With the rapid spread of COVID-19 across Canada and worldwide, governments and businesses are taking steps to contain the virus and flatten the curve of transmission. As a homebuilder, you might be concerned about meeting your obligations to your purchasers and looking to understand your rights and obligations under the Tarion Statement of Critical Dates and Addendum (the “Addendum”). We want to help. As a starting point, we’ve put together this Q&A and would invite you to reach out to us to discuss these or other questions you may have.
1. What is the Delayed Occupancy/Closing Warranty?
Every builder/vendor of new homes in Ontario must provide a delayed occupancy/closing warranty to purchasers, guaranteeing that the condominium unit/house will be ready for occupancy/closing by a certain date. This date is either “firm” or “tentative”, as described in the Addendum.
In the event of a delay beyond the firm occupancy/closing date, and subject to the rights to extend under the Addendum, the vendor/builder is required to pay to each purchaser delayed occupancy/closing compensation of $150 per day to a maximum of $7,500.
2. What is the Outside Occupancy/Closing Date and what if the Vendor can’t deliver?
If occupancy/closing of a condominium unit/house is not provided by the outside occupancy/closing date, the purchaser has a 30-day period within which he/she may terminate the purchase agreement.
3. What is an “Unavoidable Delay” and how does it affect a Vendor’s obligations?
The Addendum defines Unavoidable Delay as an event which delays occupancy/closing which is a strike, fire, explosion, flood, act of God, civil insurrection, act of war, act of terrorism or pandemic, plus any period of delay directly caused by the event, which are beyond the reasonable control of the Vendor and are not caused or contributed to by the fault of the vendor.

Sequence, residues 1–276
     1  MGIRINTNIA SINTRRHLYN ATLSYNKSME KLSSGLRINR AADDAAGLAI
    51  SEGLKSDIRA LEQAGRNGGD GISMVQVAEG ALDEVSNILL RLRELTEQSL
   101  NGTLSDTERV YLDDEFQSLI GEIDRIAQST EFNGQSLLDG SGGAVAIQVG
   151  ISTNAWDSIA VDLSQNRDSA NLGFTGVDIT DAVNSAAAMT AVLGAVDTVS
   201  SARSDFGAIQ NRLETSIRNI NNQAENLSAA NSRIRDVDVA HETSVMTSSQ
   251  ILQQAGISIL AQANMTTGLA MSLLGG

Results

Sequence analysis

4. Does COVID-19 constitute an “Unavoidable Delay”?
On March 11, 2020, the World Health Organization declared COVID-19 to be a “pandemic.” As such, if the occupancy/closing date of a condominium unit/house will be delayed as a result of COVID-19, vendors/builders are entitled to extend the Critical Dates (occupancy/closing dates and outside date) without the approval of purchasers and without the requirement to pay delayed occupancy/closing compensation in connection with the Unavoidable Delay, subject to the terms of the Addendum.
Please note that the Tarion Warranty Corporation has released a series of advisories and resources.
5. How does a Vendor extend the Critical Dates dues to Unavoidable Delay?
Vendors/builders must follow the process set out in Section 5 of the Addendum. If a vendor/builder fails to do so, it cannot rely on Unavoidable Delay to extend the Critical Dates.
The first step is to provide an initial written notice to purchasers setting out a brief description of the Unavoidable Delay (the pandemic) and an estimate of the duration of the total delay, if practicable (the “First Notice”). At this stage, however, it will be difficult for vendors/builders to make an accurate assessment of the total delay; and, as such, they can refrain from giving such an estimate in this step.
Once the pandemic is declared over, vendors/builders must take the second step: delivery of a second written notice to purchasers (the “Second Notice”). This notice will contain the revised Statement of Critical Dates, as applicable.
6. How long does a Vendor have to give notice to purchasers?